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In April, IU Medical School students fanned out across Indianapolis in an attempt to conduct at large random testing of Marion County residents for the presence of the COVID-19 virus.

They got an unexpected answer.

“Our infection rate was 0.2% out of the population we studied so one person out of 512 ended up being positive,” said Dr. James Wood, Infectious Disease Specialist at Riley Hospital for Children.  “Our one positive was a child, he was under ten and he had no known risk factors.”

Dr. Wood said the IU study was unique in that it included children as well as adults and did not target patients who were already symptomatic for coronavirus.

“Kids can carry this infection without symptoms,” said Dr. Wood. “I think the message to parents is, continue to be cautious. I think the number of people with asymptomatic infection is not sky high so when I think we take a general look at the risk/benefit of kids going to school, getting on school buses, the benefit probably does outweigh the risk as long as the rates remain low.”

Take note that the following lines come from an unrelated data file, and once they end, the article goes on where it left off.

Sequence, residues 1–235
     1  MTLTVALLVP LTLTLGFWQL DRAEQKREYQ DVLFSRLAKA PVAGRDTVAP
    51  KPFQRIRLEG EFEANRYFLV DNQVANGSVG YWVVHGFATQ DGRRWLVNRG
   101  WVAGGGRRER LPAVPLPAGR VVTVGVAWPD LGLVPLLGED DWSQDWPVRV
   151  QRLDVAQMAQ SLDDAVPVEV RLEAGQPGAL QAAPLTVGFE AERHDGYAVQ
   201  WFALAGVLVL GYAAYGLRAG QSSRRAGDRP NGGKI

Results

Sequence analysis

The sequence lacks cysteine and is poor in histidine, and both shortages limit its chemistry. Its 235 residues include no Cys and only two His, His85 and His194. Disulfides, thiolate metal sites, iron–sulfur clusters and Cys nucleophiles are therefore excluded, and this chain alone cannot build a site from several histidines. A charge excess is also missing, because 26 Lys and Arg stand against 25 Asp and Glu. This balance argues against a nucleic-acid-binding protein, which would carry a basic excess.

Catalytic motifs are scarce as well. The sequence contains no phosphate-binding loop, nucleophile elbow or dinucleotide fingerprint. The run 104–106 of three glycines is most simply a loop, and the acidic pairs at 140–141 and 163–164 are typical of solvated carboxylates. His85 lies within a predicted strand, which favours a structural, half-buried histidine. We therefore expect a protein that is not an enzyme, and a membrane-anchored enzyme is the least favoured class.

Dr. Wood said researchers would know like to investigate schools where positive cases have occurred to determine whether mitigation factors such as social distancing and mask-wearing can keep children safe.

“Kids don’t seem to be as severely affected as adults do,” said Dr. Wood. “I think what this tells us is we need to look further at antibodies because that tells us about past infections in kids. We need to look at what are infection rates at different schools based on how they are distancing or how they’re going to virtual learning.”

Approximately eight percent of the positive COVID-19 cases in Marion County are in residents younger than 18-years-old.